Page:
ABSTRACT: It is controversial whether thrombocytopenia is suggestive of one (or more) causative agents of neonatal sepsis: a low platelet count has been related in turn to Gram-positive, Gram-negative or fungal sepsis.
A retrospective, cohort study on 514 very low-birthweight (VLBW) neonates admitted over a 9 year period to a large tertiary neonatal intensive care unit (NICU) in Italy was carried out. Through database search, data on platelet counts, sepsis, clinical course, and microbiological culture were collected and analyzed. Statistical analysis was performed to look for significant association between thrombocytopenia and sepsis caused by different (Gram-positive, Gram-negative or fungal) organisms.
Sepsis diagnosed on microbiological criteria occurred in 197 of 514 VLBW neonates (38.3%), and thrombocytopenia (at least one finding of platelet count <80,000/mm(3)) was detected in 34 (17.2%) of the 197 septic infants. Thrombocytopenia occurred in 10 of 51 neonates with fungal sepsis (19.6%), and in 24 of 146 with bacterial sepsis (16.4%; P = 0.37). The difference was not significant when clustering for sepsis caused by Gram-positive (nine thrombocytopenic of 51 with Gram-positive sepsis, 17.6%; P = 0.40) and Gram-negative organisms (15/95, 15.7%; P = 0.22), or when considering only coagulase-negative Staphylococcus sepsis (6/37, 16.2%; P = 0.25).
In contrast with previous reports, thrombocytopenia might not be an organism-specific marker of sepsis. Caution should be maintained in relating a low platelet count to any infectious agent (or group of agents) in preterm VLBW neonates.
Pediatrics International 04/2009; 51(2):206-10. · 0.63 Impact Factor
ABSTRACT: We have previously demonstrated efficacy against fungal colonization and infection of fluconazole prophylaxis that was routinely administered since 2001 in our ICU for preterm infants <1500 g at birth (VLBW). With prolonged use, concerns exist for the emergence of acquired fungal resistance and of Candida subspecies that are natively fluconazole-resistant (NFR), mostly Candida glabrata and Candida krusei.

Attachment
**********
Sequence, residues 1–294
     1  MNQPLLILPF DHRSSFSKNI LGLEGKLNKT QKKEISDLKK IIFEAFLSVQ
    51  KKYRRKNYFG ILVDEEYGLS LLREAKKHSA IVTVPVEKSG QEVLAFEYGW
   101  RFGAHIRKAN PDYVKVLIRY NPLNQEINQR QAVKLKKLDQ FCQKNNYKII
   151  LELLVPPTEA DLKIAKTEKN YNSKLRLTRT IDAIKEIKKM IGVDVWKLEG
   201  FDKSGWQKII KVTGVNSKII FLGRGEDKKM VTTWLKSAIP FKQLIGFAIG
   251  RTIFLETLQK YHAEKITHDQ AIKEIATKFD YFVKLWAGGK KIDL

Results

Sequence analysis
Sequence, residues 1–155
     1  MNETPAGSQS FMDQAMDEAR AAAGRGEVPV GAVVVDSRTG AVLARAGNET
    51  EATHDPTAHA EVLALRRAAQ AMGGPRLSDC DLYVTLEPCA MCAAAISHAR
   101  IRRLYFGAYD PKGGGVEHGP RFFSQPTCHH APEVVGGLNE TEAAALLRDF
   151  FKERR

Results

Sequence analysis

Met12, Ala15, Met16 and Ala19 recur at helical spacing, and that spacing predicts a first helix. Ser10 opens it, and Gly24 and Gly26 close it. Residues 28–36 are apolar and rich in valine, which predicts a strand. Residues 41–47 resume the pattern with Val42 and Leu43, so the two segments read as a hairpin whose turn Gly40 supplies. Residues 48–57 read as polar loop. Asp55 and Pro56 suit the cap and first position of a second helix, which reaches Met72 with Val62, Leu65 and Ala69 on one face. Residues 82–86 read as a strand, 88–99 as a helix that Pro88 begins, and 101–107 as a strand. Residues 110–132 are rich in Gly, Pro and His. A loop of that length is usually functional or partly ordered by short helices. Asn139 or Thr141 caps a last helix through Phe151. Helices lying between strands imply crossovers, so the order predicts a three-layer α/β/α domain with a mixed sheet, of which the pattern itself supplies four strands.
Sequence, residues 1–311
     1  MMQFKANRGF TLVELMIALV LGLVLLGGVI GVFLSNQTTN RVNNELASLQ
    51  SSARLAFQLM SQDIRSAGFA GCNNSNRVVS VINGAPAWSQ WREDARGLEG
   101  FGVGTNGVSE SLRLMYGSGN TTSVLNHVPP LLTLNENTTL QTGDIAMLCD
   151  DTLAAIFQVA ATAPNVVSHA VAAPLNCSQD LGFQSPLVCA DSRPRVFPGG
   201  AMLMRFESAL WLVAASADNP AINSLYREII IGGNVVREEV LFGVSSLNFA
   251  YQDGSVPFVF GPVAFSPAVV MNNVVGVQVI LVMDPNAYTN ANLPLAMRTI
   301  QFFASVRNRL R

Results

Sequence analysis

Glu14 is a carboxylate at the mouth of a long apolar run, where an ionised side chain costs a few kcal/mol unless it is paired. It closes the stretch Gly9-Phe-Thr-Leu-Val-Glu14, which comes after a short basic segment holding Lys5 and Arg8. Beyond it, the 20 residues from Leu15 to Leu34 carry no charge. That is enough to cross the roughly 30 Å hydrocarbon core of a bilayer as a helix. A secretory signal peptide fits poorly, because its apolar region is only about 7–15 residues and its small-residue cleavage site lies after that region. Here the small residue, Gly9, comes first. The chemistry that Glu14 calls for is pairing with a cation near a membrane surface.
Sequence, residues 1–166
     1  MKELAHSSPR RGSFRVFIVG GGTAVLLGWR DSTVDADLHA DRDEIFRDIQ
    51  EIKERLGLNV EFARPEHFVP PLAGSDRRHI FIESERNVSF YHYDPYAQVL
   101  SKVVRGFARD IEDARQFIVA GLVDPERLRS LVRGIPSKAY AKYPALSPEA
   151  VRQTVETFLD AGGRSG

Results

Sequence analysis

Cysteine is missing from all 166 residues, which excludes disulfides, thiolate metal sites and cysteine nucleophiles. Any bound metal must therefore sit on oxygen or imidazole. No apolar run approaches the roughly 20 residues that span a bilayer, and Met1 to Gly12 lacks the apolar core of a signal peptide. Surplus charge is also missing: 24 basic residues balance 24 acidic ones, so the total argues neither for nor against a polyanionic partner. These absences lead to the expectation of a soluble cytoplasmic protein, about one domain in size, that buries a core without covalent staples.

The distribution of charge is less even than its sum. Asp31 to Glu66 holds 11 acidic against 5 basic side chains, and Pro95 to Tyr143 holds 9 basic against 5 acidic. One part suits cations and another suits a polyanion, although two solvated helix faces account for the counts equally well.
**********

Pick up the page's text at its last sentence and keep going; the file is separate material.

We evaluated retrospectively all clinical and surveillance fungal isolates obtained from VLBW infants in our NICU during a 10-year period (1997-2006). Each fungal isolate was speciated, infants colonized or infected with NFR-Candida spp were identified and the incidence rates of colonization and infection by these fungal species were calculated. A comparison was made of the 6-year (2001-2006) prophylaxis period with the 4-year (1997-2000) preprophylaxis period.
Overall, colonization by NFR-Candida spp ranged between 2.8% and 6.6% of VLBW infants yearly admitted, without any increasing trend during the study period. There were 18 of 434 (4.1%) neonates colonized by these species. Five episodes of systemic fungal infections caused by NFR-Candida spp occurred (incidence rate, 1.1%). No significant differences were detected when compared with the preprophylaxis period, when 11 of 295 infants (3.7%) were colonized by NFR-Candida spp and 4 episodes of infection occurred (1.4%) (P = 0.84 and 0.76, respectively).
Fluconazole prophylaxis administered to VLBW neonates in 4- to 6-week courses after birth does not lead to the emergence of natively fluconazole-resistant Candida spp.
The Pediatric Infectious Disease Journal 07/2008; 27(8):731-7. · 3.58 Impact Factor
ABSTRACT: A large number of patients affected by acute myeloid leukemia (AML) achieve complete remission following induction chemotherapy based on high-dose aracytin and anthracyclines. However, a postremission consolidation treatment appears to be essential to maintain the remission status. Sixteen patients with newly diagnosed AML received induction chemotherapy according to the AIEOP LAM 92P/Mod protocol. All patients were HLA-typed, and if no donor was identified within the family, patients underwent autologous stem cell transplantation (autoSCT) with mafosfamide-purged bone marrow. Patients with very high-risk AML (cytogenetics with t(9;22), hyperleukocytosis (540x10(9)/L), and AML-M7 with trilineage myelodysplasia) underwent unrelated donor transplantation. One patient relapsed before autoSCT. Eleven patients underwent autoSCT with purged bone marrow, 3 patients underwent unrelated donor transplantation (UD), and 1 patient underwent HLA-identical, matched familiar donor transplantation (MFD). All patients achieved complete remission following one course. No treatment-related deaths occurred during first-line treatment. The median interval between diagnosis and transplant was 175 days (129-277). Three patients relapsed following autoSCT; none relapsed after alloSCT. Taking stem cell transplantation as the starting point, overall survival was 93%, disease-free survival (according to the chosen treatment) was 80%, the relapse rate was 20%, and transplant-related mortality was 0%.
Pediatric Hematology and Oncology 22(7):597-608. · 0.89 Impact Factor